NASA's Juno spacecraft is diving into Jupiter's orbit in a few days' time, five years after it blasted off its launching pad in Cape Canaveral. The gas giant is merely a stone's throw away, and this image captured by the probe's camera, the JunoCam, shows just how close it is to reaching its destination. Juno took a photo of the planet and its four biggest moons on June 21st, while it was 6.8 million miles away. That might sound like it's still awfully far, but don't forget that the probe will have traveled 1.74 billion miles by the time it enters Jupiter's orbit on July 4th. JunoCam could only manage a hazy photo at that point in time, but you can still make out Jupiter's bands. You can also see four dots on one side of the picture, which are actually the Galilean satellites Io, Europa, Ganymede and Callisto.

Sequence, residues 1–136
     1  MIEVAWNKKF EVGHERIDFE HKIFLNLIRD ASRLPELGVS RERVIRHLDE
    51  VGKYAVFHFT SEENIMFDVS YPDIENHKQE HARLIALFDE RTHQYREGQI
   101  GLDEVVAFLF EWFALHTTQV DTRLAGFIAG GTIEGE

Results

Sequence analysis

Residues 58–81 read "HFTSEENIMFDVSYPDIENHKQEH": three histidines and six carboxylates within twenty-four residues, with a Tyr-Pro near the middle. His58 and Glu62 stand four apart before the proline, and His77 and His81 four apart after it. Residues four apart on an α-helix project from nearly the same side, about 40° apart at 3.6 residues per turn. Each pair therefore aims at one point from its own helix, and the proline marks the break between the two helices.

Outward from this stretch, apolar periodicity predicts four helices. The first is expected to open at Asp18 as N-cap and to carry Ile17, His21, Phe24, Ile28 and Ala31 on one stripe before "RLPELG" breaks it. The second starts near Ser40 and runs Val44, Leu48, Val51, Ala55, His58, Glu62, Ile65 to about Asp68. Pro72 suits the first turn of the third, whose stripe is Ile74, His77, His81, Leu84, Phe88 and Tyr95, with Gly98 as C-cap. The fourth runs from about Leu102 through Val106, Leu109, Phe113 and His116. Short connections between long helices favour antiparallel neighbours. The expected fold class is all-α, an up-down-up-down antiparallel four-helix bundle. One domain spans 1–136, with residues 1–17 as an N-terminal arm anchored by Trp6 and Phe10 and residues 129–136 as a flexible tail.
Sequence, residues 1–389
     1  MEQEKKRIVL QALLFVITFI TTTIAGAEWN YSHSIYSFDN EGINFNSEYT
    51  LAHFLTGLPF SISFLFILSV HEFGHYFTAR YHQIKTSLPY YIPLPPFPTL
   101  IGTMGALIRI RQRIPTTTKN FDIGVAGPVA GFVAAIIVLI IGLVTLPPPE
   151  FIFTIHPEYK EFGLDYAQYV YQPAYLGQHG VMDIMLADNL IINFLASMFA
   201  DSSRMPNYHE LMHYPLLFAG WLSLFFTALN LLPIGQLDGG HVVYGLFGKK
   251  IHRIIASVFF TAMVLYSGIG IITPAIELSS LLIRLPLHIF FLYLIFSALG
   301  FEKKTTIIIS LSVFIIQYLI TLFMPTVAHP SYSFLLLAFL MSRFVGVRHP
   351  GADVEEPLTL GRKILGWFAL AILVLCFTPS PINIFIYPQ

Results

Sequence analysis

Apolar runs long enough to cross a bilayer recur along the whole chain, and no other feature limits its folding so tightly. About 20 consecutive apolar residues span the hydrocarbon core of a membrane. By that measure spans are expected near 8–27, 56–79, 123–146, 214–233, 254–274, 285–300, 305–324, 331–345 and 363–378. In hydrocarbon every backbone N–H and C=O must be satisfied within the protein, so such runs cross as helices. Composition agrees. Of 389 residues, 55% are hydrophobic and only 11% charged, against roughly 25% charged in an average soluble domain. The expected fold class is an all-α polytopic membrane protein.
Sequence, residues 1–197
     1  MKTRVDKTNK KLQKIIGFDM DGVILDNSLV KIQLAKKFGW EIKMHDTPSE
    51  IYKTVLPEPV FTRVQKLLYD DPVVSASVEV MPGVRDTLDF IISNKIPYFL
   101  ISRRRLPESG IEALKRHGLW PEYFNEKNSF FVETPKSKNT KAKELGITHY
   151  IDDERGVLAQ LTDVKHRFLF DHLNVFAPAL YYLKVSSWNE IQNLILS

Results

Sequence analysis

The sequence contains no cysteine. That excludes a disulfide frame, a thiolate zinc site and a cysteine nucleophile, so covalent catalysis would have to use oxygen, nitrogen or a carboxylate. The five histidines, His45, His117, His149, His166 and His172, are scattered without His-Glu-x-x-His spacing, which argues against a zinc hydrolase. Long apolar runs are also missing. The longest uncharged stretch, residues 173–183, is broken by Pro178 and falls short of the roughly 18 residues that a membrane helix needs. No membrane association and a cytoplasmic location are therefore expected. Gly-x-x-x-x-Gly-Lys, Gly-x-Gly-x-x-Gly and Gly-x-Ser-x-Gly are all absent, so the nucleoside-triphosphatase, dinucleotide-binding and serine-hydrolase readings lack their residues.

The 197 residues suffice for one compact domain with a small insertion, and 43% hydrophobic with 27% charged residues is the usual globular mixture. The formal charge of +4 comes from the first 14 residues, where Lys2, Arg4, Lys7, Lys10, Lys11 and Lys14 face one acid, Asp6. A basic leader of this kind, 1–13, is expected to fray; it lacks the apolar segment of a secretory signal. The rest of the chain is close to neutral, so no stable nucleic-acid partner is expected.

To prepare for the start of the mission, a team of astronomers also used the European Southern Observatory's Very Large Telescope to create infrared maps of Jupiter, such as the one we've embedded below. According to team leader Leigh Fletcher, "These maps will help set the scene for what Juno will witness in the coming months."
If you're now asking "What will Juno see in the coming months, anyway?" Well, NASA equipped the spacecraft with various infrared and microwave instruments. The observations it beams back will help the agency study its composition and magnetic fields, assess the presence of water and oxygen content, as well as figure out the planet's origin.
[Image credit: ESO/L. Fletcher]